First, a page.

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REPORT WRITING IN SCIENCE AND TECHNOLOGY

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1.0 INTRODUCTION

All over the world, the general impression is that those engaged in the pursuit of science or its application (technology) should not be ‘distracted’ by being called upon to write. Or, more correctly, when scientists and technologists do have to write, they should only be required to do so in the language most frequently used by them, mathematics or statistics, not the prose commonly used by other specialists. Consequently, the education and training of scientists are often so overwhelmingly committed to doing science that the communication arts are neglected or ignored. in short, many good scientists are poor writers. Certainly, many scientists do not like to write. As Charles Darwin once said, “a naturalist’s life would be a happy one if he had only to observe and never to write” (quoted byTrelease, 1958).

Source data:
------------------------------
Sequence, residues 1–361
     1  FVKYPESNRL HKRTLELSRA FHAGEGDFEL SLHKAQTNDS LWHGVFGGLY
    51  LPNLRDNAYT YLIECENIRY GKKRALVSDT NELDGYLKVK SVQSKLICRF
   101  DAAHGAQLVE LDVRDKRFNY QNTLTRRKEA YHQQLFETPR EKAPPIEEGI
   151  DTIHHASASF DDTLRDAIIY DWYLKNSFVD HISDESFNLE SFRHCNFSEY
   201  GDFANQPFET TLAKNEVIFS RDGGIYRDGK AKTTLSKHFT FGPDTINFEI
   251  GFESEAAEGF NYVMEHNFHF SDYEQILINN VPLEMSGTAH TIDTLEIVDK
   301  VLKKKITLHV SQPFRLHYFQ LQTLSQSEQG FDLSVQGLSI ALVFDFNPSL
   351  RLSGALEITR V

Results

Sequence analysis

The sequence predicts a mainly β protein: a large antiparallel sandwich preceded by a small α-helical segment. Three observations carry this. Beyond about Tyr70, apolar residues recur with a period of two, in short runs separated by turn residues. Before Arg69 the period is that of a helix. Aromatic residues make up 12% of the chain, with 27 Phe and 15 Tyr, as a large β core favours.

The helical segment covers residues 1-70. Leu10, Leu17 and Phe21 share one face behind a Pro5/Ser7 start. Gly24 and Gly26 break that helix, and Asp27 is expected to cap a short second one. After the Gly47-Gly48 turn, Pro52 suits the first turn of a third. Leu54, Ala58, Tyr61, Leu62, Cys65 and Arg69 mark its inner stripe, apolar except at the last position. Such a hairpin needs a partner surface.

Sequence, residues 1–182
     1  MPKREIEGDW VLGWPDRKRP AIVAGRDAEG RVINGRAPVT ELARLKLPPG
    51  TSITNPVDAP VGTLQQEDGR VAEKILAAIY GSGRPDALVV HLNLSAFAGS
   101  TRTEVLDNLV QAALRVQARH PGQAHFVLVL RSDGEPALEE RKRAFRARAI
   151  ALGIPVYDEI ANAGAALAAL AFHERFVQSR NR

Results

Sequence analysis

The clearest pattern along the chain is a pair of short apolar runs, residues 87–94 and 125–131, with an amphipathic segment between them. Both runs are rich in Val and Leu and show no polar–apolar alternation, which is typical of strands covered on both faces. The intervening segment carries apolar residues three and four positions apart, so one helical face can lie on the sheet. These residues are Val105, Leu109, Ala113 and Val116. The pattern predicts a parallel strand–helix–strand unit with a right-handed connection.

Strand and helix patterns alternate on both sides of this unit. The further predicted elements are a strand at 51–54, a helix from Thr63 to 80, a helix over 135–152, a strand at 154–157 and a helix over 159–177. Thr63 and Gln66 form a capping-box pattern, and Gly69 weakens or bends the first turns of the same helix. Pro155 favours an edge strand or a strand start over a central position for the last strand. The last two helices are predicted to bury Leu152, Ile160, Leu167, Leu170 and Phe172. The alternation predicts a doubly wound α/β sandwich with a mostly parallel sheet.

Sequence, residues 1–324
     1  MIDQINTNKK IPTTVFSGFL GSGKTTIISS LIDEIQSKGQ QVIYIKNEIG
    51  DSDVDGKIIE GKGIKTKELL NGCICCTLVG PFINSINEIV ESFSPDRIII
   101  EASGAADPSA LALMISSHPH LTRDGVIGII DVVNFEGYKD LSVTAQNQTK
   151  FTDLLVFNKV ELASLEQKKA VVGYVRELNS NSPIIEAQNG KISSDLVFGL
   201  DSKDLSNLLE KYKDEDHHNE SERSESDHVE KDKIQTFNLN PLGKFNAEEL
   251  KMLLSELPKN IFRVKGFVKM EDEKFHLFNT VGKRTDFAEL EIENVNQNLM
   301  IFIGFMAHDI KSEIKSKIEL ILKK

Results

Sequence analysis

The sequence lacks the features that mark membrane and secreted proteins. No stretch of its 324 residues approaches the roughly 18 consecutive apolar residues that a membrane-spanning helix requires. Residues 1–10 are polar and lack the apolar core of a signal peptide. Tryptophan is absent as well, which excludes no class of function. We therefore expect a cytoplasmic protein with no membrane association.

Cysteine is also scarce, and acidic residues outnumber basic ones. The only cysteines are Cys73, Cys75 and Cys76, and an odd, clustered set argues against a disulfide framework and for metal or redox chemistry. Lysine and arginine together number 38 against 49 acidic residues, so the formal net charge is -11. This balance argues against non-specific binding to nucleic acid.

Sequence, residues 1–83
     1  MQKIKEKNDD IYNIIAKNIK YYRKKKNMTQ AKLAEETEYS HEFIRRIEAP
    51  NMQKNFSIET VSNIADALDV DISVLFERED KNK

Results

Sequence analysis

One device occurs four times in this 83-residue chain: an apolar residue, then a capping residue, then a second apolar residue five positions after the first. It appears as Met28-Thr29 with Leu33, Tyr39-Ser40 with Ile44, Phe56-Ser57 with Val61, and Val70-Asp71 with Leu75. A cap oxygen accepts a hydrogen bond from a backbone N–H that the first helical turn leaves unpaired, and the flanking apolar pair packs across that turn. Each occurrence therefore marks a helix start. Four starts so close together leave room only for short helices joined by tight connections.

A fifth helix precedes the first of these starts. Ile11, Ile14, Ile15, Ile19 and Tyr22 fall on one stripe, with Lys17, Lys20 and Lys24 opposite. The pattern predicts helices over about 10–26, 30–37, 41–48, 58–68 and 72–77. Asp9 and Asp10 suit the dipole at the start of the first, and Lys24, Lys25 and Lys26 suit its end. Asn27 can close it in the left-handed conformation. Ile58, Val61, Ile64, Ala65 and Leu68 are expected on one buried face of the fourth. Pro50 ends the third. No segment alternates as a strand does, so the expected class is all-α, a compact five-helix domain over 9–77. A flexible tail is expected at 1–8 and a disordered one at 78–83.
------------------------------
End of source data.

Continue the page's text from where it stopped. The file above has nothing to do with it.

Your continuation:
Perhaps scientists in developed countries can afford the luxury of not learning to write since they have so many avenues available to them to produce well written science without doing the writing themselves. This is not the case in developing countries which have to cope with the additional handicap of learning the most commonly used medium of science communication, English, as a second language. Scientists in developing counties invariably have little choice but to learn to write the results of their experiments and field observations themselves.

This unit will attempt to argue the need for you to take seriously report writing in science and technology as a worthy contribution to the cause of science and technology. It will invite you to join a growing hand of scientists who are committed to sharing and communicating science as accurately and effectively as possible through good writing. You will be

challenged to view good report writing in science and technology as a necessary stepping stone for writing for publication and career advancement in any aspect of science and technology you may choose to specialise in.

2.0 OBJECTIVES

At the end of this unit, you should be able to:

  1. recognise and appraise the ‘importance of sharing and communicating science, initially through technical writing, as an essential part of the research process 
  2.  defend intelligently the need to place a premium on the acquisition of effective communication skills in formal education for science and technology 
  3. explain how “doing” and “writing” science are complementary functions which need to be actively promoted at all levels of education for science